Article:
Trainees are generally office based but there is flexibility to work from home when needed. At home support includes the provision of “laptops and support items (mouse, monitor, chair, wrist support, laptop prop up devices)”, along with a “desk, and large screens”.

It may be this flexible working and additional support that helps Cripps recruits keep up their great work/life balance. “Work/life balance has been perfect at Cripps and having a life outside work is very much encouraged by the teams I have worked within, which really reflects the fact Cripps’ culture is about nurturing our individuality.” In a statement that would horrify many City trainees, “I am comfortably able to make plans with my friends and family outside of work, provided I get the work I am assigned complete, I am able to leave the office most days at 5:30.” Whilst this isn’t true all the time, and “there are some late nights”, the balance is nonetheless “very good for the work we do”.

Added onto the decent hours come a number of other standard perks. “Hybrid working and good holiday package” are mentioned by several recruits, as are the days off to carry out charity work provided for every lawyer. Other highlights include “food vouchers if we stay at the office after 8:00pm” and “discounts for shops within the local vicinity”. This comes on top of private medical cover and subsidised gym memberships.

There are, however, some slight grumbles. Legal tech, for example, receives mixed reviews, with a general consensus that the tech on offer could be better, although is generally “as expected for a medium size firm”. Given the UK focus of the outfit’s offices, there are also no international secondment opportunities, with client secondments being limited to one each year, we’re told. Being on the smaller size and with good work-life balance, the salaries on offer for new associates are also on the lower side, with regional recruits taking home £58,000, and their London counterparts bringing in £70,000.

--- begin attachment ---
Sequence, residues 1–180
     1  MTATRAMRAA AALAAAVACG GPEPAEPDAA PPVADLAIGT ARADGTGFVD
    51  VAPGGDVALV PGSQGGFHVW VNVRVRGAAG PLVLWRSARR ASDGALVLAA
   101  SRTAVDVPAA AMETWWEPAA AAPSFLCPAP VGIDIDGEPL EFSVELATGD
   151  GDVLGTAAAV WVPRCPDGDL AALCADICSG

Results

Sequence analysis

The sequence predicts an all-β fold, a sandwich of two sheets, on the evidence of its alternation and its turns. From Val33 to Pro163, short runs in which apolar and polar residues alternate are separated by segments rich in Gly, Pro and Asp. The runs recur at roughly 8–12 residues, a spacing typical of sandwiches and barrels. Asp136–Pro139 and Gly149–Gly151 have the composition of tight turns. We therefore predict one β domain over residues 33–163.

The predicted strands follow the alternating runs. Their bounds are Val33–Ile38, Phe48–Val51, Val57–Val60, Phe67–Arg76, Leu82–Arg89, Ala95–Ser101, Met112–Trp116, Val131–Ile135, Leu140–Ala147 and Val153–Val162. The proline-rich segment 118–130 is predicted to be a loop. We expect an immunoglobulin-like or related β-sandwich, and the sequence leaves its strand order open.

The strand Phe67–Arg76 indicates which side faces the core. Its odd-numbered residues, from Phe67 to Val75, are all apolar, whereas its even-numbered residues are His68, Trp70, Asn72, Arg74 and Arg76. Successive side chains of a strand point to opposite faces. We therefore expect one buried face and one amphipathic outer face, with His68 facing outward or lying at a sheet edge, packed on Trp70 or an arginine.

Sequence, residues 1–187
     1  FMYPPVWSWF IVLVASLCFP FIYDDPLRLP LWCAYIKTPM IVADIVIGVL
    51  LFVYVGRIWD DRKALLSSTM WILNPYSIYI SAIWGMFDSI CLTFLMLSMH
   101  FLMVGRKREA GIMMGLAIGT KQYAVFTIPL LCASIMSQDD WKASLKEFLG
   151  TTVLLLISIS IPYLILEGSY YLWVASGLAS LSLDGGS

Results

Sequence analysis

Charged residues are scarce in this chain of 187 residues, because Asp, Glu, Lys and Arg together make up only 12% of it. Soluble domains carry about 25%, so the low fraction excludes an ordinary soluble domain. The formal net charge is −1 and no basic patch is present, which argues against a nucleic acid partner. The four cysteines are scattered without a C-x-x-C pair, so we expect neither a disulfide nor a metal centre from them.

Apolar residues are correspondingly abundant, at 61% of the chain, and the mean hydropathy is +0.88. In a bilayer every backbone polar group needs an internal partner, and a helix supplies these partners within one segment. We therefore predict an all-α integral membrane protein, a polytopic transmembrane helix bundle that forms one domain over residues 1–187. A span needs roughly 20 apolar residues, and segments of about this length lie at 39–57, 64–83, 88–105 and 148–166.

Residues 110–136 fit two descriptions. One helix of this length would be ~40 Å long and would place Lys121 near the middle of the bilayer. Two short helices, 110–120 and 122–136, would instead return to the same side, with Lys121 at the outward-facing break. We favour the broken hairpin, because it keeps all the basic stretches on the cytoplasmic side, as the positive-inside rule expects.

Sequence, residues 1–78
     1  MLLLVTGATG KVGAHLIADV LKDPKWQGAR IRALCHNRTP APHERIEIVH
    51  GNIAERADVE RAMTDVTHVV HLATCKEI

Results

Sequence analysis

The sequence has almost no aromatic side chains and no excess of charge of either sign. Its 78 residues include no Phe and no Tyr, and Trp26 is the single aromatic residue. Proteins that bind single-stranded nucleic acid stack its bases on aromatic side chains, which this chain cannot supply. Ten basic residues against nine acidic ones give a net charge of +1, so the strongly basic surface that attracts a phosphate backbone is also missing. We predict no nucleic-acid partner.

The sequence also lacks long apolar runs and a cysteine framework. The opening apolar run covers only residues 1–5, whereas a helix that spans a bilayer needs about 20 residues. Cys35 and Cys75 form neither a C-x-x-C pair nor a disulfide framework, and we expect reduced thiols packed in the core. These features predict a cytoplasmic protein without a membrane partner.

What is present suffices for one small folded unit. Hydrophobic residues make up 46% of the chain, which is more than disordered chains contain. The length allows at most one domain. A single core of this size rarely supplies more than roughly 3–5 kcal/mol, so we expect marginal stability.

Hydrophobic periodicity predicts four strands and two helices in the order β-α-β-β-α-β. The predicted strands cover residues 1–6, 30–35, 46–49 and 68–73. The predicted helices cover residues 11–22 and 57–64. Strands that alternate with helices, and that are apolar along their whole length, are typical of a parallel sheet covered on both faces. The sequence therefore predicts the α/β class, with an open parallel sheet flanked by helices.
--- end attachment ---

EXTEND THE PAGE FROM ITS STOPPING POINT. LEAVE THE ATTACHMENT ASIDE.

Insider Scorecard

Quality of work
Peer support
Partner approach-ability
Work/life balance
Legal tech

Insider Scorecard grades range from A* to D and are derived from the Legal Cheek Trainee and Junior Lawyer Survey 2023–24 of over 2,000 trainees and junior associates at the leading law firms in the UK.


First year trainee salary £30,000
Second year trainee salary £32,000
Newly qualified salary £58,000
Profit per equity partner £358,000
PGDL grant N/A
SQE grant N/A

The above NQ figure is for Tunbridge Wells associates. NQs in London will receive £70,000. Cripps cover the full cost of the BPP PGDL, BPP SQE prep courses, and the SRA SQE assessment costs.


Average start work time 08:55
Average finish time 17:55
Annual target hours 673
Annual leave 25

Annual target hours is an average of first and second year trainee targets. Average arrive and leave times are derived from the Legal Cheek Trainee and Junior Lawyer Survey 2023-24 of over 2,000 trainees and junior associates at the leading law firms in the UK.


Chances of secondment abroad 0%
Chances of client secondment 5%

Secondment probabilities are derived from the Legal Cheek Trainee and Junior Lawyer Survey 2023–24 of over 2,000 trainees and junior associates at the leading law firms in the UK. Cripps currently offer one client secondment to second year trainees.

General Info

Training contracts 10
Latest trainee retention rate 80%
Offices 2
Countries 1
Minimum A-level requirement No minimum
Minimum degree requirement No minimum


UK female associates 73%
UK female partners 46%
UK BME associates Undisclosed
UK BME partners Undisclosed

Universities Current Trainees Attended

The Firm In Its Own Words